18 =========================================================================== BOX 8 Candidate Research Problem Statement Topics: Safety Consequences of Size and Weight Limit Changes Part 1: Targeted Comparative Evaluations of the Safety Performance of Truck Configurations Targeted comparative evaluations are research studies intended to compare the safety performance of a baseline truck configuration (a configuration now in general use) to one or more larger and/or heavier configurations. Data would be from a limited geographical area where the configurations are operating, and for a limited time period. The objective would be to measure relative crash involvement rates and crash severity for the configurations while controlling for roadway, operator, and other characteristics that affect safety performance. 1. Develop study designs for comparative evaluations This research will develop study designs for the comparative evaluations, described in Problem Statements 4, 5, and 6. Each study design would specify the following: (a) the research hypotheses to be tested (concerning relative safety performance of the configurations) and the precision necessary for the intended policy application; (b) data elements required and sample size; and (c) data analysis method to be applied. 2. Develop crash data enhancement procedures for research application This research will develop methods to enhance crash data by adding information on the weight and configuration of crash-involved trucks. The methods would meet the requirements of the study designs developed in the research outlined in Problem Statement 1, and would be applicable to the targeted comparative evaluations described in Problem Statements 4, 5, and 6. The research would test methods for obtaining weight data, which may include use of weigh-in- motion data and trucking company dispatch records. It would test methods to improve the ability of investigating officers to obtain configuration data through training and the use of supplemental forms. Finally, it would test administrative arrangements among government agencies and private firms for assembling data. 3. Develop exposure estimation procedures for research application This research will develop methods to obtain exposure data (including vehicle-miles of travel) with necessary details on weight, configuration, and other characteristics of travel of crash-involved trucks. The methods would meet the requirements of the study designs developed in the research described in Problem Statement 1 and would be applicable to the targeted comparative evaluations described in Problem Statements 4, 5, and 6. The research would test methods of acquiring weight data from existing enforcement activities and WIM installations and from special automatic data collection installations, develop sampling strategies, and test administrative arrangements for data collection. 4. Conduct route-based or network-based comparative evaluation This research will conduct a comparative evaluation through the observation of crash frequency and vehicle-miles of travel of truck configurations for one route or for a network of routes. The problem statement will be generic, that is, not specifying the configurations to be compared or the location of the routes. The research may be repeated for the same trucks in multiple jurisdictions or for different configurations in the same or multiple jurisdictions. The research will follow a study design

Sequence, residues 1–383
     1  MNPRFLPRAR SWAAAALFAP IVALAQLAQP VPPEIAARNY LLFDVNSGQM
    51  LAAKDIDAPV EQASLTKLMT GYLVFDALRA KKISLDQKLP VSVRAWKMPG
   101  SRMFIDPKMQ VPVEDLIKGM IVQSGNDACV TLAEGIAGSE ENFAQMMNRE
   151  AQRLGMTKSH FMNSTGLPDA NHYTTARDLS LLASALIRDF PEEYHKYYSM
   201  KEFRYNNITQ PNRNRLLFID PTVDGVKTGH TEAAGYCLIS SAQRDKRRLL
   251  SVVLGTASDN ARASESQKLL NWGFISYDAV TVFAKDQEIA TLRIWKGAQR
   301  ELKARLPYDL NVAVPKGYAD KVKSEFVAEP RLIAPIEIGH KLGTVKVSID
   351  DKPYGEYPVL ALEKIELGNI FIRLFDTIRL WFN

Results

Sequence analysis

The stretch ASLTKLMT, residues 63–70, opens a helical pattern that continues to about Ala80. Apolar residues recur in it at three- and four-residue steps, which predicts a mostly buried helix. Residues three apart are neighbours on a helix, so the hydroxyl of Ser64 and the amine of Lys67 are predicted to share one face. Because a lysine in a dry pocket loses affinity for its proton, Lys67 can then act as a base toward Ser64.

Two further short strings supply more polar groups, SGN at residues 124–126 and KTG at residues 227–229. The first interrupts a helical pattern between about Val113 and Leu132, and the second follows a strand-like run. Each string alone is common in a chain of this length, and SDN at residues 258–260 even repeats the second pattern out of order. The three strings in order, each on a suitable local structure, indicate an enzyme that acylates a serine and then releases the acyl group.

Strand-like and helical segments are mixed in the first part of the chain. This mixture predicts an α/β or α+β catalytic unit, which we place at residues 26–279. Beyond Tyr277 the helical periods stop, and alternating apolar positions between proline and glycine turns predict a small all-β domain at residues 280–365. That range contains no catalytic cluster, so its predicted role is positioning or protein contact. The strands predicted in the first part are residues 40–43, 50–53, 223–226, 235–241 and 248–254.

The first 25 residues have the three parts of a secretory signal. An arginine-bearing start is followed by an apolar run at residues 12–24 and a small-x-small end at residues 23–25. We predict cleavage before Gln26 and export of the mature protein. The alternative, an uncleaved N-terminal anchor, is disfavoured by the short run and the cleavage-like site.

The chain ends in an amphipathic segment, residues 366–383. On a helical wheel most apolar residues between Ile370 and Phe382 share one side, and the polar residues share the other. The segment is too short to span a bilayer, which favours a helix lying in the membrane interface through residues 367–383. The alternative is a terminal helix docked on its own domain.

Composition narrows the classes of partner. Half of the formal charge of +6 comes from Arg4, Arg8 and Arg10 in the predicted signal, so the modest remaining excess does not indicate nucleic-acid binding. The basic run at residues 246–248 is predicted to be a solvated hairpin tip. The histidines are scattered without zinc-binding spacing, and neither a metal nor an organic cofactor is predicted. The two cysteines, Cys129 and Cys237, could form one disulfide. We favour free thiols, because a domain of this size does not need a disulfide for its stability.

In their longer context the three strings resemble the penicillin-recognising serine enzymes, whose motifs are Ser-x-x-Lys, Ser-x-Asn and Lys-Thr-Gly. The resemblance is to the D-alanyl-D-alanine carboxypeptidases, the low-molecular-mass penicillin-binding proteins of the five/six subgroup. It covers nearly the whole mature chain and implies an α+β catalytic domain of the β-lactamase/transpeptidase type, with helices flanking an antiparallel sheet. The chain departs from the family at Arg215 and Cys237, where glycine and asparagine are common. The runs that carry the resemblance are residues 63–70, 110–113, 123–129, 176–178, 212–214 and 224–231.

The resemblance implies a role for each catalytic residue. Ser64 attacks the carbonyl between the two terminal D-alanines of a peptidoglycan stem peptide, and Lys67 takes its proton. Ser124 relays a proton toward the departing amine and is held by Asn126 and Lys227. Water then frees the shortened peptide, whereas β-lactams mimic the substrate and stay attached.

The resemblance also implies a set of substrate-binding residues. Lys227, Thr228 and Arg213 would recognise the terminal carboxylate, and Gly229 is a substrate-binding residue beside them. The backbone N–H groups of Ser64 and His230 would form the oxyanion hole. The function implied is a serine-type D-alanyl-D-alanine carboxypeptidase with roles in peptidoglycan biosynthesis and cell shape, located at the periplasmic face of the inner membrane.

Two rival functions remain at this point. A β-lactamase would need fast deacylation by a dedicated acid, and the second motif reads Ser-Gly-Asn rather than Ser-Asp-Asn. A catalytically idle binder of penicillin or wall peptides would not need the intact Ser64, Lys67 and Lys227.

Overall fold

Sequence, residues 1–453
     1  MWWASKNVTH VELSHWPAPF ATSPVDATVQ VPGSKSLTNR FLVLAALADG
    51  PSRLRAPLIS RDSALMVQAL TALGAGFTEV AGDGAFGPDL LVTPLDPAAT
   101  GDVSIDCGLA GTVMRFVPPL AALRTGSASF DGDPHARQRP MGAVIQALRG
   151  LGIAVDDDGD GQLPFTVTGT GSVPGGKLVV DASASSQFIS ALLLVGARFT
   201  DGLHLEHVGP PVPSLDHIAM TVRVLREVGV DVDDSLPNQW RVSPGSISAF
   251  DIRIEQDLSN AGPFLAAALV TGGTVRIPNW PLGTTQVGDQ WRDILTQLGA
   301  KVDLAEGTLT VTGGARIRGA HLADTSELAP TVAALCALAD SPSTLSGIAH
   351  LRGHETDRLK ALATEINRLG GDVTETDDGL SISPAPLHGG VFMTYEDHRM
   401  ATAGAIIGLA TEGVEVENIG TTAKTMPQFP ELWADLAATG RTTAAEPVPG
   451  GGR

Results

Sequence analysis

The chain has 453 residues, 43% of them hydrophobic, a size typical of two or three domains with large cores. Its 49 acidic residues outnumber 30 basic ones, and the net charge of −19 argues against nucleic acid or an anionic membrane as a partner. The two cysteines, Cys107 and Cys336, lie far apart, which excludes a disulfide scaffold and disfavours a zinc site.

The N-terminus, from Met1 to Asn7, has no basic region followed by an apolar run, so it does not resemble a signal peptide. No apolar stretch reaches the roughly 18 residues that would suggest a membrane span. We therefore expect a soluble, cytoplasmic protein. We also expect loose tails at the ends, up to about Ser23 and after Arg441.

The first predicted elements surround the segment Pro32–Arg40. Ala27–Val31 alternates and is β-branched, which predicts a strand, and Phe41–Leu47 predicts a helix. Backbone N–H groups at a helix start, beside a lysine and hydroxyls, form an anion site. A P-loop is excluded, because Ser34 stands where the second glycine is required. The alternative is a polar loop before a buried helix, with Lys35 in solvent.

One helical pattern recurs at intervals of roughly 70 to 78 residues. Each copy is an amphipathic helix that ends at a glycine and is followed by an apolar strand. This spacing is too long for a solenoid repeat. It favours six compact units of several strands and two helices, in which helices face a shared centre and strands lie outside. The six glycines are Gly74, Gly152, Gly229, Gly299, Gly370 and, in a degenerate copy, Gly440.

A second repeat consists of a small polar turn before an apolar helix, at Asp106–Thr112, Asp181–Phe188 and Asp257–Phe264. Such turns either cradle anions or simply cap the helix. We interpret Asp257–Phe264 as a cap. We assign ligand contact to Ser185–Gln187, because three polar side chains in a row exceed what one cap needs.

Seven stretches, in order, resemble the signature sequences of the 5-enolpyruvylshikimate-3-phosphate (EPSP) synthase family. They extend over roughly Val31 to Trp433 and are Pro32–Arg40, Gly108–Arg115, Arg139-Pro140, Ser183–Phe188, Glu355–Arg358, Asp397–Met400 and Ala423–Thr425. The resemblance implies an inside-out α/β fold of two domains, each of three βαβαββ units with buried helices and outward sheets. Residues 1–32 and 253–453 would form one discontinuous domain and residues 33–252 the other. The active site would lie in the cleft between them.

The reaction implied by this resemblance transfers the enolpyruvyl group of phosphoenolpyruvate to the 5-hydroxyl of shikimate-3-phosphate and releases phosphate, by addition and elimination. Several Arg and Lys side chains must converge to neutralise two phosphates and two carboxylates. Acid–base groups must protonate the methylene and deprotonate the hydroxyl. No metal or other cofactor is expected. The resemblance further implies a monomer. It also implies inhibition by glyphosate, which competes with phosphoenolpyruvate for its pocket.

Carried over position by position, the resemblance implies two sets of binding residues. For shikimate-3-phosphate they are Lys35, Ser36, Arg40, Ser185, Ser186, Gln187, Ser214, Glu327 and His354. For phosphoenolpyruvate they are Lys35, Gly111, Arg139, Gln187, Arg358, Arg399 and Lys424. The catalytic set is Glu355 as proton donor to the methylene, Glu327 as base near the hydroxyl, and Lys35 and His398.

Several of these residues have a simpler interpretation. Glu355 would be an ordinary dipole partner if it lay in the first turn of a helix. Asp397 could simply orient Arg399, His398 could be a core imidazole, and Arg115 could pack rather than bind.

19 developed in the research described in Problem Statement 1 and use data collection methods developed in the execution of Problem Statements 2 and 3. 5. Conduct case-control comparative evaluation This research will conduct a comparative evaluation using the case-control study design. Crashes of trucks of interest (e.g., multi-trailer configurations or trucks exceeding normal weight limits) will be identified as they occur on a specified set of roads within a specified time period. The trucks in these crashes constitute the “cases” in the methodology. Following each crash, a control sample of trucks will be observed at the site of each crash. Characteristics of case and control trucks will be compared, using appropriate statistical methods. The problem statement will be generic, that is, not specifying the configurations to be compared or the location of the routes. The research will follow a study design developed in the research described in Problem Statement 1 and use data collection methods developed in the execution of Problem Statements 2 and 3. The study design will focus on how case crashes will be identified and how control crashes will be selected in an unbiased fashion. 6. Conduct comparative evaluation with trucking company data This research will conduct a comparative evaluation, performed with data for one or more selected trucking companies that operate both the baseline and comparison configurations. The research will follow a study design developed in the research described in Problem Statement 1 and use data collection methods developed in the execution of Problem Statements 2 and 3. Exposure and data would be determined from company records. The study design would specify procedures for matching trips of baseline and comparison configurations control for route and driver characteristics. 7. Demonstrate evaluation procedures for trial programs to utilize specific larger and/or heavier truck combinations A comparative evaluation may be conducted by authorizing the use of specific larger and/or heavier trucks on a trial basis within specific jurisdictions and with mandatory evaluation. Evaluation of a trial operation of any specific truck configuration, in comparison to a baseline configuration, can be conducted with any of the three comparative evaluation methods described in Problem Statements 4, 5, and 6. 8. Establish protocols for the use of simulation modeling and test track evaluations to estimate safety performance of specific truck configurations Indirect methods, such as simulation modeling and test track evaluations, constitute the only feasible methods to anticipate the safety performance of truck configurations that are not in legal operation in any state. The research will establish protocols for simulation modeling of specific truck configurations, including model selection, maneuvers to be simulated, and performance measures. It will also establish protocols for test track evaluations, including the types of maneuvers to be evaluated, performance measures, and test procedures. Finally, the research will apply the protocols to truck configurations that already operate on U.S. roads, using either new data or existing data, and determine how effective the protocols are in estimating the known safety performance of those truck configurations. ===========================================================================